When threatened, some people make inappropriate jokes or act highly confident as defense mechanisms. Skunks, on the other hand, release a foul-smelling spray.
And while most of their time is spent sleeping and foraging for food (including many insects and rodents widely considered pests), some people (understandably) don’t want skunks living in their yard—especially if they have dogs or other outdoor pets. In that case, here’s how to tell whether skunks are living on your property, and how to prevent them from moving in in the first place.
Signs skunks may be living in your yard
Because skunks are nocturnal, you may only find out that one or more of the critters are living near your home after your dog returns from their backyard potty break before bed reeking of their familiar, pungent odor.
But because this is the type of situation you’re looking to avoid, keep an eye out for these other signs a skunk (or several) may be living in your yard:
- Persistent, faint musky smells under a building or woodpile
- Small, shallow holes in the lawn (caused by skunks foraging for grubs)
- Plants knocked over
- Damage to the lower leaves or ears of ripening garden crops (including corn)
How to keep skunks out of your yard
The best way to prevent skunks from moving into your yard is to make it inhospitable enough for them to want to live somewhere else. This isn’t about harming the skunks in any way, but if you’ve inadvertently created luxury skunk accommodation behind your own home, you may want to make it a little less welcoming. Here’s how to do that:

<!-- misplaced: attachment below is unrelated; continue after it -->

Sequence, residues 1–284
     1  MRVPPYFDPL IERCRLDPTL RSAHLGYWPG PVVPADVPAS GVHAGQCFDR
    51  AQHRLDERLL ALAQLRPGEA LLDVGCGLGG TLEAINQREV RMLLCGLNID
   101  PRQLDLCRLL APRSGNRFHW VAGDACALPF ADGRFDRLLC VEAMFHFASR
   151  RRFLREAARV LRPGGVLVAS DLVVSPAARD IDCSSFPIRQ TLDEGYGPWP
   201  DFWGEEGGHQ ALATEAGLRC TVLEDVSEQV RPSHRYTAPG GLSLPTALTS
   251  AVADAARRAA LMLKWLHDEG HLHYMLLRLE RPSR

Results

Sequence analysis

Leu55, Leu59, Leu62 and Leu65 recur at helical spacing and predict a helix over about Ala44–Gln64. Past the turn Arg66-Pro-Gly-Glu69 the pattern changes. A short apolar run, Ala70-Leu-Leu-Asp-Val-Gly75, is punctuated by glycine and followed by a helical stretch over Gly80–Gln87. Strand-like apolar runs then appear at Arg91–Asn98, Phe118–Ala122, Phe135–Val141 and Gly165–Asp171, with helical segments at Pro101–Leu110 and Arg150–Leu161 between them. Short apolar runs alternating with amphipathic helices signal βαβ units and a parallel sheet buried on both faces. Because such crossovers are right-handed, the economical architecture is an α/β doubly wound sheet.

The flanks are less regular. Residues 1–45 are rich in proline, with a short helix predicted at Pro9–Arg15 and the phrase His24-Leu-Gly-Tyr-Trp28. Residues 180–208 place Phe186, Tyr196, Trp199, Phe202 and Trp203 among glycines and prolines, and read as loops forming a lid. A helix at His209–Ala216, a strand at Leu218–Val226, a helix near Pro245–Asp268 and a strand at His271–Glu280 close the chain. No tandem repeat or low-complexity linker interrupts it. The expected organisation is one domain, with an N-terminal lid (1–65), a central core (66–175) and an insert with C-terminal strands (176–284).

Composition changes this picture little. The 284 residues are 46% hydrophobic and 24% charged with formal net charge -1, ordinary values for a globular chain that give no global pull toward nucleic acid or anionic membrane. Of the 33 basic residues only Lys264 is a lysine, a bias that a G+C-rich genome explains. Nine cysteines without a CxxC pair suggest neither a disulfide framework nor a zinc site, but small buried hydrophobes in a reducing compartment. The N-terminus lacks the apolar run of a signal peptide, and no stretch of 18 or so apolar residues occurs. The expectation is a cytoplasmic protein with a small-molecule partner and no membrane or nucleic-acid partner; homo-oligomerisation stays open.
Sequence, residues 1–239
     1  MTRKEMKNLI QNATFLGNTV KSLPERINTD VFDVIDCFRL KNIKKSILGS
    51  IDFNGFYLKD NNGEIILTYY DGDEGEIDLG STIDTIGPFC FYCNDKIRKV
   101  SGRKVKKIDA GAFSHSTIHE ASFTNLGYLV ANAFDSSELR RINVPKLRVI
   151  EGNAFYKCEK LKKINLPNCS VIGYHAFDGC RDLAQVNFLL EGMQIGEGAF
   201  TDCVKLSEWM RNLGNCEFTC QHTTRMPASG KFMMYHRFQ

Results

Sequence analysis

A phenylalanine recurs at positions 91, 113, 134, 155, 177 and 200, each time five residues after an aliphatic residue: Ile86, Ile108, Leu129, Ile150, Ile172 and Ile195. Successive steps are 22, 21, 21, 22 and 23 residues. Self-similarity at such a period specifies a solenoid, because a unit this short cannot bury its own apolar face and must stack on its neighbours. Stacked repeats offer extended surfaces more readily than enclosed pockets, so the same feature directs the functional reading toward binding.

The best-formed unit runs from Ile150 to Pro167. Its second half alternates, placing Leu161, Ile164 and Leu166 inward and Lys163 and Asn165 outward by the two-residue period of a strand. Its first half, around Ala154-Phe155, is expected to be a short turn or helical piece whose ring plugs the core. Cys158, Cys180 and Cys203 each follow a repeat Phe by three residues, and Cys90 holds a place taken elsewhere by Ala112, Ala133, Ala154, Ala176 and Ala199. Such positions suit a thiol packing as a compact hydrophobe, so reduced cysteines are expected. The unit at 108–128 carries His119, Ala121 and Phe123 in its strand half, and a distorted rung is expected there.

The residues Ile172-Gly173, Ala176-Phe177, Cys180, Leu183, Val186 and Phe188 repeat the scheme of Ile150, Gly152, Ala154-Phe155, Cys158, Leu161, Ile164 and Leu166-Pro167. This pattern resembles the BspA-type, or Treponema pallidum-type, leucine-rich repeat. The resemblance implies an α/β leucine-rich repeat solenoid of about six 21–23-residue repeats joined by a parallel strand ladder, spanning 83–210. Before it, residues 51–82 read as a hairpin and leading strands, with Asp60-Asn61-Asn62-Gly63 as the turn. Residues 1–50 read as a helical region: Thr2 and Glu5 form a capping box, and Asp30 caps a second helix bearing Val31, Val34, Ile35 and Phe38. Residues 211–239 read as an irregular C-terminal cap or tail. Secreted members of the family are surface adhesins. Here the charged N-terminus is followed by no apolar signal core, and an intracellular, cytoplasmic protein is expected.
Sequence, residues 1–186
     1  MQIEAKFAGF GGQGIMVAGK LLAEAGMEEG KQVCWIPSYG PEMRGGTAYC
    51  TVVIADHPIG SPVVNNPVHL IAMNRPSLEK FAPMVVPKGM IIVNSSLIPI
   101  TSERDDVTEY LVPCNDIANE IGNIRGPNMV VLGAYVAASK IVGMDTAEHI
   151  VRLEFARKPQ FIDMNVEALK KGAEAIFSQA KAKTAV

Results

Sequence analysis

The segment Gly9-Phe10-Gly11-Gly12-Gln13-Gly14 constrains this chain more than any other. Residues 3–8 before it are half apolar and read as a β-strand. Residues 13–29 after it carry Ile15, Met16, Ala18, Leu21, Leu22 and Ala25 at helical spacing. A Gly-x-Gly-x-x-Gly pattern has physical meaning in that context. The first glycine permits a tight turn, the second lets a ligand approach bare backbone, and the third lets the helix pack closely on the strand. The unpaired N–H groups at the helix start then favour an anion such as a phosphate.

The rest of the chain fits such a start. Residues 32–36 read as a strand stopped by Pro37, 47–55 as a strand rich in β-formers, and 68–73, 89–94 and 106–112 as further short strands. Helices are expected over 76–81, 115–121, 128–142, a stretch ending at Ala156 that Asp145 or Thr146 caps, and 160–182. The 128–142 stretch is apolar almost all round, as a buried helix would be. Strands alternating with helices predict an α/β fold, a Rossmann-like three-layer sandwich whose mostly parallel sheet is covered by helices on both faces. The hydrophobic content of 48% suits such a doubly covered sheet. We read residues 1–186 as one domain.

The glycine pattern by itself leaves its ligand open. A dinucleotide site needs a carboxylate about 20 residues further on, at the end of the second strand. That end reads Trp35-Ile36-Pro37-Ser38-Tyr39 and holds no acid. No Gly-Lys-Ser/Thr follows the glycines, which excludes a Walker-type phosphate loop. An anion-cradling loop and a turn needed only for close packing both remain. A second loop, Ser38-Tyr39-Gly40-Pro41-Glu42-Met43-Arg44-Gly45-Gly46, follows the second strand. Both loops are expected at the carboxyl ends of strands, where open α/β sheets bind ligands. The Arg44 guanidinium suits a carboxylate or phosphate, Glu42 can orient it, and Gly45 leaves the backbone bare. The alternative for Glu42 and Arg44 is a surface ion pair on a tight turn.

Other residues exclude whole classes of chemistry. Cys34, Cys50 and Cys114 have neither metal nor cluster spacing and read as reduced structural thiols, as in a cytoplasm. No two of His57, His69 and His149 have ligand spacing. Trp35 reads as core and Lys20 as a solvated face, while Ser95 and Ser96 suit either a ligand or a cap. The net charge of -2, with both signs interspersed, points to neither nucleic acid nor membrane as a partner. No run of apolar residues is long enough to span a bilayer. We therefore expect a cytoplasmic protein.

Stop feeding them
If you are feeding the birds, you are also feeding the skunks. Sure, putting bird feeders high up on poles helps a little, but think about how much of that bird seed ends up on the ground, providing skunks with an all-you-can-eat buffet.
The same is true of feeding your pets outdoors. Skunks don’t care if your cat or dog’s name is printed on their bowl; they’re going to help themselves to Fluffy’s Fancy Feast.
Stop indirectly feeding them
Even if you aren’t intentionally feeding the skunks, you may be doing so indirectly, by having an easily accessible garden full of fresh produce for them, or failing to secure the lids on your garbage cans (they’re not picky).
Create a housing shortage
In addition to food, skunks also need shelter, and your backyard may be full of move-in-ready housing for them. Some of their favorite real estate includes:
- Wood and rock piles
- Elevated sheds and other outbuildings
- Dog houses
- Openings under concrete slabs
- Crawl spaces under porches
- Other partially sheltered outdoor nooks and corners
For the most part, these aren’t structures you can simply move or get rid of, so do your best to ensure they are as secure as possible, eliminating (or at least temporarily covering) any potential points of entry.